Finally, we found very little or no literature on some topics that we consider important. In addition to the dearth of research on the environmental-justice impacts, there was very little work on the long-term land-use impacts of congestion pricing, the equity implications
of building new roads with congestion pricing revenue, and how adding congestion pricing to
existing transportation-finance mechanisms (as opposed to replacing them) would change the
equity implications overall. Now that congestion pricing is in more widespread use, we recommend that these topics receive further attention by researchers.
Given the risk of negative impacts to low-income and other groups under congestion pricing, we looked at suggested ways to diminish these impacts. Two mechanisms are in common use: (1) revenue redistribution and (2) discounts and exemptions.
Revenues from congestion
pricing can be redistributed through public worksfor example, increasing transit service to create better options not to drive. For this to be effective, the project benefits must flow to those people most disadvantaged by congestion pricing. Researchers have also proposed a number of ways to redistribute revenues on an individual basis, through credit-based systems and tax credits. As none of these credit-based proposals has been implemented, it is difficult to judge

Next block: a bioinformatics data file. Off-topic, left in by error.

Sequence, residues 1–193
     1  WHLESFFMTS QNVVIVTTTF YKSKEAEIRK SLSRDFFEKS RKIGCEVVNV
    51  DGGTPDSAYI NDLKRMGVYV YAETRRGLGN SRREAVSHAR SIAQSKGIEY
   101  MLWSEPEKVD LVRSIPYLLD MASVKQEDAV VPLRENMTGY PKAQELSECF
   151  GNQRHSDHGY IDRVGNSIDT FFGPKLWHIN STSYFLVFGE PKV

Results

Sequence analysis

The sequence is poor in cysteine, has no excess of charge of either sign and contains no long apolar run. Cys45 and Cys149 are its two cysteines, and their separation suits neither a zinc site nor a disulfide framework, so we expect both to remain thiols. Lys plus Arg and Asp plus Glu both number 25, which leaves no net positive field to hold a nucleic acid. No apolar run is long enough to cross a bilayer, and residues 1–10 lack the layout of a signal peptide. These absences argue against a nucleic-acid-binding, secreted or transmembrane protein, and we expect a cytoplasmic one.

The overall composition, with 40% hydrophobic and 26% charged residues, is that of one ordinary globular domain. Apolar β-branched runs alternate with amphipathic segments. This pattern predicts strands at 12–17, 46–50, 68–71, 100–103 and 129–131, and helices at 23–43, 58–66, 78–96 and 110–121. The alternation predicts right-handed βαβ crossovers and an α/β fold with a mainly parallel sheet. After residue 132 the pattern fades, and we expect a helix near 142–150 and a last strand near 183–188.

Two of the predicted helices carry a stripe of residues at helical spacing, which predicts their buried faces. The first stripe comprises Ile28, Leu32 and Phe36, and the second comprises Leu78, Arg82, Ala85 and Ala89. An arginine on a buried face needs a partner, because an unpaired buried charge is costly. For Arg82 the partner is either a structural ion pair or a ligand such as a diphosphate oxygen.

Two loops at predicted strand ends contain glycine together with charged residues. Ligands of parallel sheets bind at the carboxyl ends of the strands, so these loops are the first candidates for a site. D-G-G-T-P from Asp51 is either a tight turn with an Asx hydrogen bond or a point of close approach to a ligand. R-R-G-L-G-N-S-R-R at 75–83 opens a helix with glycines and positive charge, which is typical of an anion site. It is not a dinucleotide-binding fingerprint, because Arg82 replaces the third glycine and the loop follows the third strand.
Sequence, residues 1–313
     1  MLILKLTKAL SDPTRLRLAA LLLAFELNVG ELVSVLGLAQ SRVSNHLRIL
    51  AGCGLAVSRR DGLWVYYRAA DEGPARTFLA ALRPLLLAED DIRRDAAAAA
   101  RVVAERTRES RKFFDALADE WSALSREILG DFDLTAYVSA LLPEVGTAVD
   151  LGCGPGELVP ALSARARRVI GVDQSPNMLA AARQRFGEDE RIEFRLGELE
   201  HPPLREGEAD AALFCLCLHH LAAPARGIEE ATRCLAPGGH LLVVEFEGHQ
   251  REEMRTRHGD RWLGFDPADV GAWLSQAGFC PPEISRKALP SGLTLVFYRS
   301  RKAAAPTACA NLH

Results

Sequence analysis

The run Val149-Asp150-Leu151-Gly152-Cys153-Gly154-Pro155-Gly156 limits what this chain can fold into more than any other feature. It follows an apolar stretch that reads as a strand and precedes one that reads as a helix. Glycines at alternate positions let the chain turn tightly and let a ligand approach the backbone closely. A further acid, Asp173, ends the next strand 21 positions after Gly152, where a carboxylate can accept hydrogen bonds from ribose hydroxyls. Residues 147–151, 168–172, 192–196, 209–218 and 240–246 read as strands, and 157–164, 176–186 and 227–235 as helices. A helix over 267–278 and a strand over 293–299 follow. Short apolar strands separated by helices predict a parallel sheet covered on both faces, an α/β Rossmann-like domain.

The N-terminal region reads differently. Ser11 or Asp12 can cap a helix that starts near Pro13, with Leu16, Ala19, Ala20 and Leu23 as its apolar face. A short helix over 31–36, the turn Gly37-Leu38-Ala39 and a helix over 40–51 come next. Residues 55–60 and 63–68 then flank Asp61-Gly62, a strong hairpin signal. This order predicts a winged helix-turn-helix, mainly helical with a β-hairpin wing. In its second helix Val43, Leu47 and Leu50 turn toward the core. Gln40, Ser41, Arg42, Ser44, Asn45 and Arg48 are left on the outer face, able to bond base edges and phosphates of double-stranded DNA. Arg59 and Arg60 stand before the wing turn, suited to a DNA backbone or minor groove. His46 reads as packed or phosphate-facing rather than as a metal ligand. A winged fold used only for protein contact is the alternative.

The other main way to lessen the burden of congestion pricing is through discounts and exemptions. Congestion pricing proposals can selectively exclude or discount certain individuals (e.g., disabled persons), vehicles, or types of trips to make congestion pricing less expensive.
However, the trade-off is a higher number of unpaid or discounted trips, which will reduce incentives that seek to discourage driving on congested roads.
The last point on promoting equitable outcomes is that a region seeking to implement congestion pricing should look at measuring and assessing equity early in the planning process. Since equity is so specific to individual regions, those responsible for developing a conges-
tion pricing proposal should test it through modeling to determine who tends to pay charges and whether low-income or other transportation-disadvantaged groups are disproportionately affected. They should also conduct sufficient outreach that residents understand the proposal
and have opportunities to offer suggestions. Finally, equity should be monitored after conges- tion pricing is implemented, and the system changed periodically if the initial tools to promote
equitable outcomes are not meeting their goals. It would be useful to develop an equity audit tool to simplify this process.